Say hello to the air-purifying plants of the future.
Are you a houseplant lover? Can’t get enough green, leafy plants? We have some exciting news for you. A French startup called Neoplants recently launched a bioengineered houseplant designed to clean indoor air. That’s right, a better plant can exist through science.
“For too long, the advance of technology has been at the expense of our environment,” said Lionel Mora, Neoplants CEO and co-founder, “Our team views nature as the world’s most powerful technology. It is critical that we use human talent for innovation to partner with and enhance our natural world rather than consuming it.”
Here’s everything you need to know about this new plant, as well as how you can get your hands on one of the bioengineered beauties.
Bioengineered for Better
Neoplants’ Neo P1 is a bioengineered version of the popular pothos houseplant. Also called Devil’s Ivy, it has rich green leaves and looks great in a pot on a desk, shelf, or coffee table.
According to Neolants, this plant is designed to purify a variety of pollutants from the air including formaldehyde, benzene, toluene, and xylene. These pollutants come from things you already have in your home, such as furniture, paint, and aerosol products.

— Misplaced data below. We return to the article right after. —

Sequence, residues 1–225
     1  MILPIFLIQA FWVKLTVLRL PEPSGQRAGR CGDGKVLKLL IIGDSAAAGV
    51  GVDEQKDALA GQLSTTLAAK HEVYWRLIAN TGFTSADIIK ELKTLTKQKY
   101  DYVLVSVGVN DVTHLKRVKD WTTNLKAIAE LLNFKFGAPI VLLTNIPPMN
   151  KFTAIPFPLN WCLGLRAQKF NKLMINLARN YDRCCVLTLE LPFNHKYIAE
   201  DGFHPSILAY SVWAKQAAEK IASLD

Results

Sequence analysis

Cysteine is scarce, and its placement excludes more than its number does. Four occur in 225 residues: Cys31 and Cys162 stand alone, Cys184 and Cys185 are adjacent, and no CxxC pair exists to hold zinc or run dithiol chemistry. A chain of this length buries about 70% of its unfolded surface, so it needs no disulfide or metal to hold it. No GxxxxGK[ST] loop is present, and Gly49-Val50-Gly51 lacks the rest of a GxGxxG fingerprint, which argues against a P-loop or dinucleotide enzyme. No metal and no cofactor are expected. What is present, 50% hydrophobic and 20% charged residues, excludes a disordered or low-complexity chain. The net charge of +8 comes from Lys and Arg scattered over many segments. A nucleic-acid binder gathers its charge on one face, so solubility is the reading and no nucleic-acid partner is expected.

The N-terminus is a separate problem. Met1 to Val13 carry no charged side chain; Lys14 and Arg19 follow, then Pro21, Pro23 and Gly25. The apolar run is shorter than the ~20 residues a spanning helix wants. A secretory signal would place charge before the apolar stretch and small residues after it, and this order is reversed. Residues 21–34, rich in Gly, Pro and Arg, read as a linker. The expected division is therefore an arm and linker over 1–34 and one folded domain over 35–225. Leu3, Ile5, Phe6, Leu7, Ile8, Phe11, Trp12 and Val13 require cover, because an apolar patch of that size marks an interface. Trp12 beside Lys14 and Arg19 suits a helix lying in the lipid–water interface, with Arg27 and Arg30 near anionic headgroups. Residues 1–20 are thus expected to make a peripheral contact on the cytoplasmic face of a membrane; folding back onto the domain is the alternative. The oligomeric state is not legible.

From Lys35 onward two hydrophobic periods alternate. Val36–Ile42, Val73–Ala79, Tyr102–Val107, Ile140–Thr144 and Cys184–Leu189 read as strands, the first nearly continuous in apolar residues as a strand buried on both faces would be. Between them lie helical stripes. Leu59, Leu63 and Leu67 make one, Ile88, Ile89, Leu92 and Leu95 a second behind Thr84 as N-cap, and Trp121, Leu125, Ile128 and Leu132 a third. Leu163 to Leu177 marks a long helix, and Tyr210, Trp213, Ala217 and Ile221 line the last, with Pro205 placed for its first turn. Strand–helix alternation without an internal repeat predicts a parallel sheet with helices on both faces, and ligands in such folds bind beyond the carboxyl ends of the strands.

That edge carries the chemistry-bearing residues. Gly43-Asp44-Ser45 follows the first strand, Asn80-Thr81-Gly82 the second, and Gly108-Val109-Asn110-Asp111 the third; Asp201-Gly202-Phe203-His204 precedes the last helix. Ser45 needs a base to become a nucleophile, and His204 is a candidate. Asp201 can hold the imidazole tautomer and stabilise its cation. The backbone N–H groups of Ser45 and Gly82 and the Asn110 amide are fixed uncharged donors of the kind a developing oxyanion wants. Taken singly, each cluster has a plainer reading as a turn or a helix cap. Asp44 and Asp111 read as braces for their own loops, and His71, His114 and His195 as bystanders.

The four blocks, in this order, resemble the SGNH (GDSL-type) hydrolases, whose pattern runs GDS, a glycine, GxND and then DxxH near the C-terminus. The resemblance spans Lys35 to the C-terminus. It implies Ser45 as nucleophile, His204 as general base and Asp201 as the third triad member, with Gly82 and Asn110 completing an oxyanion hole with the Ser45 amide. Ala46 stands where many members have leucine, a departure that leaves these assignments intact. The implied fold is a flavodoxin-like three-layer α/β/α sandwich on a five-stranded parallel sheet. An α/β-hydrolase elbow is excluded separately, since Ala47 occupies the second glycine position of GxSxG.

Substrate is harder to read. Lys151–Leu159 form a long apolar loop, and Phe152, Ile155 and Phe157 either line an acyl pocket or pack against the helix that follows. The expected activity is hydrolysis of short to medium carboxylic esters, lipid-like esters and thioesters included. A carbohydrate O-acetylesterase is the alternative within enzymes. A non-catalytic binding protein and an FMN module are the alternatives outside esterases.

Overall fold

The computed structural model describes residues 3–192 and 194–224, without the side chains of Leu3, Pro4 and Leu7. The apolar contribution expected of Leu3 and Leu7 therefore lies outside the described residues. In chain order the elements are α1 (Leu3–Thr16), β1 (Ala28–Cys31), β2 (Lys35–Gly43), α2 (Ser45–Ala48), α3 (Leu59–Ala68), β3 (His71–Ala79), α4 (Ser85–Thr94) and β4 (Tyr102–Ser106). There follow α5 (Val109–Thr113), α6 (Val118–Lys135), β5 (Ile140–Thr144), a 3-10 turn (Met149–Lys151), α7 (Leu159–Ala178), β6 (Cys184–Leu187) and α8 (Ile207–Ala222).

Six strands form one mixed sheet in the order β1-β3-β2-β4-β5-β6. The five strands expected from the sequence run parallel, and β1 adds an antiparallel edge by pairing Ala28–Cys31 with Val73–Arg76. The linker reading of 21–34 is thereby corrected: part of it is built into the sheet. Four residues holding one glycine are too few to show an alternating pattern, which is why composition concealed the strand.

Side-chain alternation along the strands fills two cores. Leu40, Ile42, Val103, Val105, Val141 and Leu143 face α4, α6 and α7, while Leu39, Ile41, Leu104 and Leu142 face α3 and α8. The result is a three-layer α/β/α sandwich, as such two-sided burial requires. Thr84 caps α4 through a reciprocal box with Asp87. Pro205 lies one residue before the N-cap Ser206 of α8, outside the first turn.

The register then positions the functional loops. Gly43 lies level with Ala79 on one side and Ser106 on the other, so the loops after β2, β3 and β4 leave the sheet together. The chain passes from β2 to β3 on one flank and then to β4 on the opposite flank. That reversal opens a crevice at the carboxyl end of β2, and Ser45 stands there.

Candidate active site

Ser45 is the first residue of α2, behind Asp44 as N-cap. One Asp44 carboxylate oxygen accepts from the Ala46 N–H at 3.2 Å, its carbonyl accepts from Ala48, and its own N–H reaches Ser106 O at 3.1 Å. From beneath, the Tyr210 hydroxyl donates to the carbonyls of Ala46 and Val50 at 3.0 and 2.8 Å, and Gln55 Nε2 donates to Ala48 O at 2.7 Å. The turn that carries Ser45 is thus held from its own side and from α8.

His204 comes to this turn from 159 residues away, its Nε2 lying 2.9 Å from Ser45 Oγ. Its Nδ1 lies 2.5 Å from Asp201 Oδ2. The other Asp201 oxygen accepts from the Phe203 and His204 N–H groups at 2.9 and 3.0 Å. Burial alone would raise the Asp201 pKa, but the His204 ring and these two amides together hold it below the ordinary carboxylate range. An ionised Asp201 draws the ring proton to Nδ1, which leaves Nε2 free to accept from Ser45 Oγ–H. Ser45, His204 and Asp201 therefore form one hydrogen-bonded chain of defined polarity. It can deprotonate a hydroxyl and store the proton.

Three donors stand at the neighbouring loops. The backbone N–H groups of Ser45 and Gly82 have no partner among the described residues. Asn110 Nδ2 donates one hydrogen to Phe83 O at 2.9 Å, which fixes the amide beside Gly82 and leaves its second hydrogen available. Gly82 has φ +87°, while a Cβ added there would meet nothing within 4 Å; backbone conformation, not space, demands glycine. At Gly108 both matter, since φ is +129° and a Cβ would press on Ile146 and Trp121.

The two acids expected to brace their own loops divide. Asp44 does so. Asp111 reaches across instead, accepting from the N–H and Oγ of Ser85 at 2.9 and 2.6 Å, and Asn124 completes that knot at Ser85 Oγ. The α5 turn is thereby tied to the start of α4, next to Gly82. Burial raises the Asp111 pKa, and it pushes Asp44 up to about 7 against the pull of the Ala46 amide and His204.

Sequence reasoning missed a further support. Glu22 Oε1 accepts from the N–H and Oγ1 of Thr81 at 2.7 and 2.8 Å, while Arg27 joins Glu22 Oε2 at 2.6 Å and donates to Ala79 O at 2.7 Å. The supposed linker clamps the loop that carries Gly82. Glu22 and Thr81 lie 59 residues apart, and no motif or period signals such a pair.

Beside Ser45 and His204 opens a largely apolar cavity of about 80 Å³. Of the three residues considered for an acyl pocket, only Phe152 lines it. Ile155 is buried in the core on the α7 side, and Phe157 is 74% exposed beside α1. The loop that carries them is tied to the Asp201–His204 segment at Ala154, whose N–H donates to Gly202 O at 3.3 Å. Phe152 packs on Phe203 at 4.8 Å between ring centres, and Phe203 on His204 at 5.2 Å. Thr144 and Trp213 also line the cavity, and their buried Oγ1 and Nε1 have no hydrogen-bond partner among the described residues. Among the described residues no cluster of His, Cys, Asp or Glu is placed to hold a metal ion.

Just keep in mind that the P1 doesn’t come cheap. It currently costs $179, which is approximately five to ten times the price of the average pothos plant. However, for every purchase, Neoplant will invest a minimum of $20 into research and development against climate change. So, you can feel extra good about this purchase.
Another caveat—there’s also quite a long waiting list for the P1. So, even if you’re looking forward to treating yourself, you’re going to have to wait at least until the fourth quarter of 2023 to get your hands on one.
Don’t All Houseplants Clean the Air?
You’ve probably heard that houseplants are already capable of purifying the air in your home. So why would you need a bioengineered one? A 1989 study conducted by NASA and the Associated Landscape Contractors of America concluded that plants can technically purify the air. Another study conducted in 2009 included 28 different indoor plants and had a similar outcome to the NASA study. And a 2014 study looked at how plants can remove VOCs (volatile organic compounds) from the air.
The problem is that these studies were conducted in sealed containers. Because our homes aren’t sealed, there’s no way to prove (at least without more research) that plants, bioengineered or not, can adequately remove toxins from a typical household environment.
As for how well Neoplants detoxify compared to regular houseplants, the same issue exists. While the company’s tests showed the P1 purifies better than the average houseplant, these tests were also conducted in closed environments.
So, if your top priority is removing toxins from your home and purifying the air, you’re better off putting the cost of the P1 into a brand-new air purifier and treating yourself to a less expensive pothos plant or two. But if you want a next-generation, bioengineered plant that looks great and is a conversation starter, go ahead and bring a P1 home.
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